The energy industry currently accounts for around 15% of the world’s total water use, the International Energy Agency (IEA) said.
It revealed global water withdrawals for energy production in 2010 were estimated at 583 billion cubic metres (bcm), out of which water usage – that was withdrawn but not returned to its source – was 66bcm or around 11%.
Water is critical for electricity generation as well as the extraction, transport and processing of fossil fuels and the irrigation of crops that go into biofuels. Water shortages in India and the US, among other countries, have however limited energy output in the last two years while the “heavy use of water in unconventional oil and gas production has generated considerable public concern”, the IEA said.
Its report looked at three difference scenarios – the New Policies Scenario, the Current Policies Scenario and the 450 Scenario.
Global water withdrawals for energy production reach 690bcm in 2035 in the New Policies Scenario, with growth slowing after 2020. Withdrawals in the Current Policies Scenario – which assumes no change in existing energy-related policies – continue to rise throughout the projection period, climbing to 790bcm in 2035.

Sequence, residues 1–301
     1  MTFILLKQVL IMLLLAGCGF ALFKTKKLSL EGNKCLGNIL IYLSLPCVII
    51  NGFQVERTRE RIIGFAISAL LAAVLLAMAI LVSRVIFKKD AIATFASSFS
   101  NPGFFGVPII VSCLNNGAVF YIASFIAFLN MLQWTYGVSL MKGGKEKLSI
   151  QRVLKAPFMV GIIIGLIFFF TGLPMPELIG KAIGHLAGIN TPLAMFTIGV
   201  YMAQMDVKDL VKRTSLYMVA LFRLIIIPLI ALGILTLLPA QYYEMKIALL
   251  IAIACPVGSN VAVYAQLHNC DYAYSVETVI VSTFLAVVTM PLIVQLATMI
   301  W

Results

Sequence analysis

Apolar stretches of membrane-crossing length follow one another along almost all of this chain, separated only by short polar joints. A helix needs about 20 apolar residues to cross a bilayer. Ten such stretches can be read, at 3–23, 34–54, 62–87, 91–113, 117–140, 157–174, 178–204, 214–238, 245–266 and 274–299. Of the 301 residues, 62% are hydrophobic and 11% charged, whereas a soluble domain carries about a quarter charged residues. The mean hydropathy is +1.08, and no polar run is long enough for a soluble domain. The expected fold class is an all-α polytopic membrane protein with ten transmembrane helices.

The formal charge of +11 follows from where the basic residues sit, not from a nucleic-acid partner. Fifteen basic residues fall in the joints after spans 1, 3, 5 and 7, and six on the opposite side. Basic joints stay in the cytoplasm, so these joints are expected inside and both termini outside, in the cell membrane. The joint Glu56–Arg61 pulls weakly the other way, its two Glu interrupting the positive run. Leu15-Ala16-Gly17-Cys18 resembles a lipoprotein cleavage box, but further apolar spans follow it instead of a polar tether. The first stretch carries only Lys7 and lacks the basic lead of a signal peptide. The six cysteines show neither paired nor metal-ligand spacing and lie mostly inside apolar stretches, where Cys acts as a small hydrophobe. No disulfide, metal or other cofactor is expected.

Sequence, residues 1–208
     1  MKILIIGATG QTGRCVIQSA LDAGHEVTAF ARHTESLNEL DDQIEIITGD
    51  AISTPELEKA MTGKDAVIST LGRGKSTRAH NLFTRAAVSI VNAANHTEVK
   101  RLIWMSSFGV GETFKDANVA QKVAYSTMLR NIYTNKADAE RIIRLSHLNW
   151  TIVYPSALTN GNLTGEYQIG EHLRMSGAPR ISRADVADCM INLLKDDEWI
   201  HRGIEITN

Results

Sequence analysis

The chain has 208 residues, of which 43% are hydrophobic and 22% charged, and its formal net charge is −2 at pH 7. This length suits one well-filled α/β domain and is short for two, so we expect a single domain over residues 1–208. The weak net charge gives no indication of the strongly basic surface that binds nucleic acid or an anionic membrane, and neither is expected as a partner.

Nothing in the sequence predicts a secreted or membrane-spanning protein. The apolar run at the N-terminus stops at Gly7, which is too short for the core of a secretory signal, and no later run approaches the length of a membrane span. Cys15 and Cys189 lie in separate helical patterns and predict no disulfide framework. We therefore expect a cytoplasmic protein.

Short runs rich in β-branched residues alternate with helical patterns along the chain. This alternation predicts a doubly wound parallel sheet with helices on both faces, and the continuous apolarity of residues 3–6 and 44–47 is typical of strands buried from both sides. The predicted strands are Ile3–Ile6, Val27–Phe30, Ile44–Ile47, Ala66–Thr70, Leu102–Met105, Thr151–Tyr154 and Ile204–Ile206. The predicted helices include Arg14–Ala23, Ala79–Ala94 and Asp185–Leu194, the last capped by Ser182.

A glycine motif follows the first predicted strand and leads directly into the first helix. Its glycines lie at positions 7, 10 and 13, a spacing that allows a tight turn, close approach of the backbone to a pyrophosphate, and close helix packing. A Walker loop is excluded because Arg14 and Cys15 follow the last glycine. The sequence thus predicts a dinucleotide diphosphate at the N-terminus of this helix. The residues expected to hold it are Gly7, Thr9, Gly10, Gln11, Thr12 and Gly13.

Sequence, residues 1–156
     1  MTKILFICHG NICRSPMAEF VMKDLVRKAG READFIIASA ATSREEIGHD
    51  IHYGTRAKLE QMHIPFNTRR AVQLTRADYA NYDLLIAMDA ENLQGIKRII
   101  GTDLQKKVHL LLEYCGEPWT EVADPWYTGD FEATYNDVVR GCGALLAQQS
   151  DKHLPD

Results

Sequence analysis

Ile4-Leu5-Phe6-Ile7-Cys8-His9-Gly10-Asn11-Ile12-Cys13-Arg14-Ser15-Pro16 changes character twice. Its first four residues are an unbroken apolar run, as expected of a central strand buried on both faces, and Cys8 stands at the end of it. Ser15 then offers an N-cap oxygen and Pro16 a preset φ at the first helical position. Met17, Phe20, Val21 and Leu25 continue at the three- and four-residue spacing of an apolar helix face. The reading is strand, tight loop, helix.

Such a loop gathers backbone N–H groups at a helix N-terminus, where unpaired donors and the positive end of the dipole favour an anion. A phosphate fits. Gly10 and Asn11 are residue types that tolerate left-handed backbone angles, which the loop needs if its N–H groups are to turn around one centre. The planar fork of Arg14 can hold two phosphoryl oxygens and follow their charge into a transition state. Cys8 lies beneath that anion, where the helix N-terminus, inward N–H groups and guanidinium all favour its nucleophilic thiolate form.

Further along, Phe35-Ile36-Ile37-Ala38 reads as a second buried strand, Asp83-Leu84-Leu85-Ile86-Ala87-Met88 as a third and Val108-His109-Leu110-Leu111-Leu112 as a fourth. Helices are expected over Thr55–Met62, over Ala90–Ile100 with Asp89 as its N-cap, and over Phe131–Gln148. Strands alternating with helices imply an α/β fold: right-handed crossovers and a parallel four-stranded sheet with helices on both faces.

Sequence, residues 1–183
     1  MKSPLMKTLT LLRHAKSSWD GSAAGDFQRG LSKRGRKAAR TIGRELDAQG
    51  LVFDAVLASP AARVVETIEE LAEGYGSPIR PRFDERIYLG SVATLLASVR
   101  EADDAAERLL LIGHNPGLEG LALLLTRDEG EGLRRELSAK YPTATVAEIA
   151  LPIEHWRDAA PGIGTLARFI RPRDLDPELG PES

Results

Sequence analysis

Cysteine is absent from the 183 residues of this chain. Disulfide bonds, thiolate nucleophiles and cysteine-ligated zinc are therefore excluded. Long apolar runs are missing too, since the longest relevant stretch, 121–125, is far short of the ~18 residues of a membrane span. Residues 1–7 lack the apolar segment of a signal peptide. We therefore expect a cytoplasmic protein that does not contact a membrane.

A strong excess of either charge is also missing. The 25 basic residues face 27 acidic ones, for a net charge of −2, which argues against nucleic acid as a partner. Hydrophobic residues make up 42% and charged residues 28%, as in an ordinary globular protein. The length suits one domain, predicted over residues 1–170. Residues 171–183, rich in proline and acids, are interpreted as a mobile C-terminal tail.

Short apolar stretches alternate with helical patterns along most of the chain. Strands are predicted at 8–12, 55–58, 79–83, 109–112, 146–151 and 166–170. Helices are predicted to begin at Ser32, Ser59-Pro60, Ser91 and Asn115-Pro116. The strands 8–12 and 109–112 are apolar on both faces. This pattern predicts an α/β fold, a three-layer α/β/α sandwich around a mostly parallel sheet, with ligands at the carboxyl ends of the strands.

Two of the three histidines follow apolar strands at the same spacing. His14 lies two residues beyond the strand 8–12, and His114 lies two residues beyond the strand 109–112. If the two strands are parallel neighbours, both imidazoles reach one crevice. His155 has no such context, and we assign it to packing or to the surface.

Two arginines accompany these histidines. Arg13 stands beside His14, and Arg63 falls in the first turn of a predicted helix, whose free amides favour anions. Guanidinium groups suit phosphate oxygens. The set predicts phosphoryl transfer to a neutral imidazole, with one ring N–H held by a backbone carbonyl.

The IEA’s 450 Scenario “sets out an energy pathway consistent with the goal of limiting the global increase in temperature to 2°C by limiting concentration of greenhouse gases in the atmosphere to around 450 parts per million of CO2”.
Under this scenario, it could be less water-intensive – with withdrawals expected to reach only 600bcm in 2035 – with much more modest energy demand compared to the New Policies Scenario and a “marked shift in the power sector” away from coal-fired power plants and towards renewables.
It widely deploys technologies including nuclear power, power plants with carbon capture and storage (CCS) and conventional biofuels “whose high water use requirements must be taken into account when citing energy production facilities”, the IEA said.
Maria van der Hoeven, IEA Executive Director said: “Water availability is a growing concern for energy and assessing the energy sector’s use of water is important in an increasingly water-constrained world.
“Since water and energy are essential resources, we need to find ways to ensure that use of one does not limit access to the other. As demand for both continues to increase, this will be a growing challenge and priority.”
Earlier this year the World Bank also warned that water shortages across the globe threatens the development of energy projects.